Korea‘s Youth Hope Plan
According to the New York Times, many people, as young as 20 years old, won municipal seats in the recently concluded Russian general election. Originally inspired to politics through their opposition to Vladimir Putin but not satisfied with street protests alone, these young people actually entered into the fray and, lo and behold, won.
As the article says, it’s not exactly a revolution, but it represented a notable cultural change in Moscow politics. Well, hold on to your seats because a genuine youth-driven political revolution could be coming soon to an electoral box near you in Korea!
The revolution is called the Youth Hope Plan, and it’s the name of a real political party. The leadership group consists of core volunteers who formed the support team for the famous ``Youth Concerts” last year that propelled Ahn Cheol-soo to political fame and a possible shot at being South Korea’s next president, when or if he should run.
The young people who made the ``Youth Concerts” are not waiting around while Ahn makes his decision. In fact, they are not waiting around for any ``elders” or ``mentors” to make their decisions. They have made own decision right here and now, and that is to form a political party of the (young) people, by the (young) people, and for the (young) people.
As their party platform says (my own translation), ``The Republic of Korea succeeded in both industrialization and democratization in short order. Korea’s success was only possible through the diligence and sacrifice of previous generations. The youth of Korea are proud of our country being held up as a growth model for the rest of the world. The youth of Korea pays its utmost respect to the contributions of the previous generations in making this happen.
``On the flip side of Korea’s success, however, the difficult challenges faced by our youth are being neglected. Today’s youth are stuck in a hopeless cycle of tuition, employment, marriage and child rearing that makes each and every day into an exercise in uncertainty and anxiety, let alone the future.”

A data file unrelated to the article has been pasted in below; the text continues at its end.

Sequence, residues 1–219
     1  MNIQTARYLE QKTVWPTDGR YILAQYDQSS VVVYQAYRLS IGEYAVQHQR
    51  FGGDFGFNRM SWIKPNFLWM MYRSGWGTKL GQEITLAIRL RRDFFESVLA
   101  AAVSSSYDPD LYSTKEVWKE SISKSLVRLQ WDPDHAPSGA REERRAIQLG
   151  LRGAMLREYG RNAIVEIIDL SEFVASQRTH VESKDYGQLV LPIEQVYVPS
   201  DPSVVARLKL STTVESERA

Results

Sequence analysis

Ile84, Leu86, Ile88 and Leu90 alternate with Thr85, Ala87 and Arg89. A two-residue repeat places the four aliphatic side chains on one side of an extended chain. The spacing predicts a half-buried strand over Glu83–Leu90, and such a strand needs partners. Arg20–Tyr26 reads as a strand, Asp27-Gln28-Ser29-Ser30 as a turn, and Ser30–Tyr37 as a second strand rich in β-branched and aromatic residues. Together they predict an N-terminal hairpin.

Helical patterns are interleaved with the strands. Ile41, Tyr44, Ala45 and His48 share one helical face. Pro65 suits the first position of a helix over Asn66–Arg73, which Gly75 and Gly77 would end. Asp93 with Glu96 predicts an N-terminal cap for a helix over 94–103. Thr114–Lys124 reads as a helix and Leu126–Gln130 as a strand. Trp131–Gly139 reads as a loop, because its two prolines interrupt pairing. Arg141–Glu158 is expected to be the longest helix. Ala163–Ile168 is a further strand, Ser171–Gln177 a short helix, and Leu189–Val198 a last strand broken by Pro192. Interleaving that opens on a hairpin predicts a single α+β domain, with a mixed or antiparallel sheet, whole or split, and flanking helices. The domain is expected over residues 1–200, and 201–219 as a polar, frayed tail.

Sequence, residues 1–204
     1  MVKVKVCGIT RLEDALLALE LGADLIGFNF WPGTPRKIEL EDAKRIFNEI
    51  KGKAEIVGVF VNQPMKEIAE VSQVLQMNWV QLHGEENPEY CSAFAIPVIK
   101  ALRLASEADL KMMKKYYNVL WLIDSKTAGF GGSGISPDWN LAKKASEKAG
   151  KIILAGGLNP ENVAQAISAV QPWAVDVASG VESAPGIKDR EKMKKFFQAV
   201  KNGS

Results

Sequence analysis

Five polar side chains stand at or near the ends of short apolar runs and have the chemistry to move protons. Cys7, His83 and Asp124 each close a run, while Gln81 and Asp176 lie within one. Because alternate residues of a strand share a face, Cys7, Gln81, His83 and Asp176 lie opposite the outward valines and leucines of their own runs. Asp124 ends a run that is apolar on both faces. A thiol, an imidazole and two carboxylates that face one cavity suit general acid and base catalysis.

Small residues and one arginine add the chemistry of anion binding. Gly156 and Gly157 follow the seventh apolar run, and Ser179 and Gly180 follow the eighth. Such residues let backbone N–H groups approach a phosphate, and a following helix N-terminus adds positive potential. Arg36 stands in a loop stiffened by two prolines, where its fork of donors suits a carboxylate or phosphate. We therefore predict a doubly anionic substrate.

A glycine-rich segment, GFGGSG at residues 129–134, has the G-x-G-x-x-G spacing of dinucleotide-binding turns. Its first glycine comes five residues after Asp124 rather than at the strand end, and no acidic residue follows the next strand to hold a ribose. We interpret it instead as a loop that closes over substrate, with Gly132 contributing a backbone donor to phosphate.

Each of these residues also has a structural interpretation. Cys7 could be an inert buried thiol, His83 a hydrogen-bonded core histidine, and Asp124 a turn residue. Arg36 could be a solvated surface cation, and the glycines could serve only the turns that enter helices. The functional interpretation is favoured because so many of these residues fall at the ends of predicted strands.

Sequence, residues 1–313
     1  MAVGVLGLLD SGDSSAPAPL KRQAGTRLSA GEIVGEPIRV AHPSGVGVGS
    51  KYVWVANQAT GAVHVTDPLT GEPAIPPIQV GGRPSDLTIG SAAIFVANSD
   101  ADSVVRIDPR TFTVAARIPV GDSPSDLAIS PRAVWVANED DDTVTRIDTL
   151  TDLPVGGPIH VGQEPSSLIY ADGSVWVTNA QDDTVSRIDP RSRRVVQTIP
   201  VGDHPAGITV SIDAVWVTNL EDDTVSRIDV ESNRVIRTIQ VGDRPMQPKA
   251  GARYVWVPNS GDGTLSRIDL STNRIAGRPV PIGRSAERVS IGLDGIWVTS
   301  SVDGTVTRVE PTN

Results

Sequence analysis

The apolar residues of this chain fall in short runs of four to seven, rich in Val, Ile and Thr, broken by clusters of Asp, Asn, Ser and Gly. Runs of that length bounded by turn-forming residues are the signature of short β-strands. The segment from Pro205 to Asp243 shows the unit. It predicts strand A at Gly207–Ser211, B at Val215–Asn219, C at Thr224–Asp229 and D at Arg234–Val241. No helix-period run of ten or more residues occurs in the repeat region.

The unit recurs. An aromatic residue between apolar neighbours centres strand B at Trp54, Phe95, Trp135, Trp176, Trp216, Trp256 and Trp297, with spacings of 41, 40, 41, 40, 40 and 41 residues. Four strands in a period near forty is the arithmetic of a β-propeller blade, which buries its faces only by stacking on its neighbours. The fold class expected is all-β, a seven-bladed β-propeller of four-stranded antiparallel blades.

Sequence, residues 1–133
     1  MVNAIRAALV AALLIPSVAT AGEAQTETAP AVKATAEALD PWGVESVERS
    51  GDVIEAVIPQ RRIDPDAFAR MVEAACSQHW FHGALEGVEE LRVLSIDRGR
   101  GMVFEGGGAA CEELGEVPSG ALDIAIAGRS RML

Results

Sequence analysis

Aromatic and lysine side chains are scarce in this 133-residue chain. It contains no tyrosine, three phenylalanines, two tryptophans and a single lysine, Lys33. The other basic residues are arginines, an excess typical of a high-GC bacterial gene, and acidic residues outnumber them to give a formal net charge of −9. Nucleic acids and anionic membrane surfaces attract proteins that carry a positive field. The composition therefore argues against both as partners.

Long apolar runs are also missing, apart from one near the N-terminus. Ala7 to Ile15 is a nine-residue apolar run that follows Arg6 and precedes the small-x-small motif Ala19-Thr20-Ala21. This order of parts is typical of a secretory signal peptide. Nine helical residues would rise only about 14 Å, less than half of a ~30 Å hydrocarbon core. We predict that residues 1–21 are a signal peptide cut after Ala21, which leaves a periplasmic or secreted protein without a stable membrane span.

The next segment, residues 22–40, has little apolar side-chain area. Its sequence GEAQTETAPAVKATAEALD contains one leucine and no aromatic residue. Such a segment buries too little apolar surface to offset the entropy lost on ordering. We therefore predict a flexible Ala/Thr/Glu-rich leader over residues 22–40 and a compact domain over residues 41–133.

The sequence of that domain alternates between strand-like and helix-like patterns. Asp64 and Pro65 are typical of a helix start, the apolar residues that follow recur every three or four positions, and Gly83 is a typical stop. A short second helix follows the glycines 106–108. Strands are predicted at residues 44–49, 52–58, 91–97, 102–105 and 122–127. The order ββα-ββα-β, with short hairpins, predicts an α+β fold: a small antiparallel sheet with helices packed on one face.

In short, the young people of Korea are taking matters into their own hands because the decision-making generations in Korea have neglected to address their needs. Young people are no longer satisfied with the street theater of demonstrations or serving as a window dressing to the existing power structure. They want their own voice to be a part of the political mix.
This doesn’t mean that they are politically naïve. In fact, they are very realistic about their chances against entrenched powers. But the Youth Hope Plan leadership realizes that the success of their efforts shouldn’t be measured solely by how many seats they ultimately win. The success is already embedded in the actual process of taking ownership of their own future by using the tools that are available to them, instead of relying on others to speak on their behalf.
Youth Hope Plan’s focus on the importance of the process is shown by the innovative online decision-making procedure. From choosing candidates to selecting meeting agenda, everything will be done in a fair, inclusive, and transparent way through an online platform.
This is not exactly new. Online social media have already been used by many others around the world, including the Jasmine Revolution, to organize, reach consensus, and mobilize. But the Youth Hope Plan is different in that it’s actually a political party, not just a movement. The process of engagement ― discussion, consensus forming, negotiation, decision-making ― will all occur online and be acted on as a unified political party. That is new. And something worth learning about.
Annabel Park, an award-winning Korean-American filmmaker who was the national coordinator for the grassroots campaign to pass the "comfort women" resolution in the U.S. House of Representatives in 2007 and then went on in 2010 to found the Coffee Party, a grassroots network of over 500,000 people working to restore ``civility, democracy and economic security" to US politics, thought so highly of this youth-driven effort that she will volunteer for them and also document their work when she visits Seoul in March and April.
Park says, “I think they're really onto something big: a youth-driven, Internet-based, political party to shape a forward-looking national agenda taking the needs and ideas of the youth into account. This can and should happen in every country including the U.S. I'm excited to meet them and learn from them.”
In a week since its official start, the Youth Hope Plan has registered over 6,000 party members in five cities and/or provinces to meet all the legal requirements to establish a political party.
It still remains to be seen how this innovative effort will pan out. But whatever the result, you know that you are witnessing history. I, for one, am grateful for the ringside seat. I hope that they go and knock ’em cold!
Jason Lim is a Washington, D.C.-based consultant in organizational leadership, culture, and change management. He has been writing for The Korea Times since 2006. He can be reached at email@example.com and on facebook.com/jasonlim2000.